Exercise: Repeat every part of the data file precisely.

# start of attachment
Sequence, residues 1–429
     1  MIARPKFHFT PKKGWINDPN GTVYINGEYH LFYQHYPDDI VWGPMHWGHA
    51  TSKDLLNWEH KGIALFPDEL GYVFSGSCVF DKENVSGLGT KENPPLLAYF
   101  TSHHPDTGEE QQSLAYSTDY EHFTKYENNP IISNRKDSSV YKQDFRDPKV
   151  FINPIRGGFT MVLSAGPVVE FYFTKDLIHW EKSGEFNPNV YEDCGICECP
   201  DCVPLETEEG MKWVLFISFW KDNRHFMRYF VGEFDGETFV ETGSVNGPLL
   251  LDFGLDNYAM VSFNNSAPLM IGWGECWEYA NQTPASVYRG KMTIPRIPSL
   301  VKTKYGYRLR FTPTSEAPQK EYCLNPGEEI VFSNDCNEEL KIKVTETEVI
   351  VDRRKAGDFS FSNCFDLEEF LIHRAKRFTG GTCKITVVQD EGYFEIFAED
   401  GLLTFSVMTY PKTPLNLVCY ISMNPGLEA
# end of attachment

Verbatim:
Sequence, residues 1–429
     1  MIARPKFHFT PKKGWINDPN GTVYINGEYH LFYQHYPDDI VWGPMHWGHA
    51  TSKDLLNWEH KGIALFPDEL GYVFSGSCVF DKENVSGLGT KENPPLLAYF
   101  TSHHPDTGEE QQSLAYSTDY EHFTKYENNP IISNRKDSSV YKQDFRDPKV
   151  FINPIRGGFT MVLSAGPVVE FYFTKDLIHW EKSGEFNPNV YEDCGICECP
   201  DCVPLETEEG MKWVLFISFW KDNRHFMRYF VGEFDGETFV ETGSVNGPLL
   251  LDFGLDNYAM VSFNNSAPLM IGWGECWEYA NQTPASVYRG KMTIPRIPSL
   301  VKTKYGYRLR FTPTSEAPQK EYCLNPGEEI VFSNDCNEEL KIKVTETEVI
   351  VDRRKAGDFS FSNCFDLEEF LIHRAKRFTG GTCKITVVQD EGYFEIFAED
   401  GLLTFSVMTY PKTPLNLVCY ISMNPGLEA